French photographer Charles Pétillon, truly captivates and mesmerizes us with his series ‘Invasions.’ From Shanghai to Etna, Pétillon takes us on a journey across the globe through his magical installations.
However, who is this Charles Pétillon, the man behind the white balloons?
Your work is extraordinary and very identifiable, especially your Invasions series. Why did you choose to work with white balloons?
It was during research into my applied artwork. As I was experimenting with various mediums, then it dawned on me that balloons could be used as a raw artistic material like paint. Quickly I turned my curiosity into practice, and then began also addressing societal and philosophical questions in my work. These questions forced me to examine the meaning behind my use of material, and view balloons according to the formations they could create. I find that balloons allow me to materialize ideas or concepts in a poetic way.
Balloons allow me to materialise ideas or concepts in a poetic way.
Your installations question our perception of space and our environment, whilst occasionally making us lift our heads. Was this your intention?
Balloons are surprisingly captivating no matter how many or few are used. When you put them in a particular space they congregate like the fingers on a hand, pointing our attention towards something usually unnoticed. Actually I find this completely refreshes our outlook on our environment. Actually balloons provide a new element to our spaces by altering the way we see things. The viewer no longer merely “views” but actually sees.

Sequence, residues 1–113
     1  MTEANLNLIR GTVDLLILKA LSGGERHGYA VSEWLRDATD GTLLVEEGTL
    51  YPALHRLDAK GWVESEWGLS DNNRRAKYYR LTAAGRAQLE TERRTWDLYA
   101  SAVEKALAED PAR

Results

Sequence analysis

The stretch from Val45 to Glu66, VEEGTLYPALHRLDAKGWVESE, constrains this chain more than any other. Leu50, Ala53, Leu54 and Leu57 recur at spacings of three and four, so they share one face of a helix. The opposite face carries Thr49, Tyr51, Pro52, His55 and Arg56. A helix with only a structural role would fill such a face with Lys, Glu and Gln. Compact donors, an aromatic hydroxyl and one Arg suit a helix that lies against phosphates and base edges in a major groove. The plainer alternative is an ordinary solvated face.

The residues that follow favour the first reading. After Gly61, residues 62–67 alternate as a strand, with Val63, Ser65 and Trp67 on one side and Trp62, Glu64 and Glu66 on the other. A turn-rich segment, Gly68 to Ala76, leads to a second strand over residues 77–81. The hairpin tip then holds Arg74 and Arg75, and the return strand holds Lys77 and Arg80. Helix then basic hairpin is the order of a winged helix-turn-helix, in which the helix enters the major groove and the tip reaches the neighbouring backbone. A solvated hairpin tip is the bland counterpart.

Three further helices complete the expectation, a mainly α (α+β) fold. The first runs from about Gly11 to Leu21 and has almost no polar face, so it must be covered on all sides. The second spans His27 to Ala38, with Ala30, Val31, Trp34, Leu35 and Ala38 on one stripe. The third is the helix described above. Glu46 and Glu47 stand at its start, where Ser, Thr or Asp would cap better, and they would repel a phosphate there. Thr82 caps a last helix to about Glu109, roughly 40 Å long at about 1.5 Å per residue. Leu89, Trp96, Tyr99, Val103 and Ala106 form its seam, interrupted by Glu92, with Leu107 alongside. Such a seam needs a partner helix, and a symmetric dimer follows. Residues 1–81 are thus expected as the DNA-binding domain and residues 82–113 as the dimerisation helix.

How do you decide which location to use for your installations?
In fact I associate an enormous importance between my subject and my location. Besides, they are one, so it is fundamental I choose the right place when creating my installations. Where I assemble my balloons is integral to the piece as a whole. It is the installation that opens and also maintains a dialogue and relationship with the space.
It is the installation that opens and maintains a dialogue and relationship with the space.
Do you have any favourite artists? If so, which ones?
Yes, there are a lot of artists and designers who fascinate me. This is why I collaborated with Ronan and Erwan Bouroullec for many years. Above all, I’m a huge fan of Georges Rousse, Robert Smithson, James Turrell and Olafur Eliasson.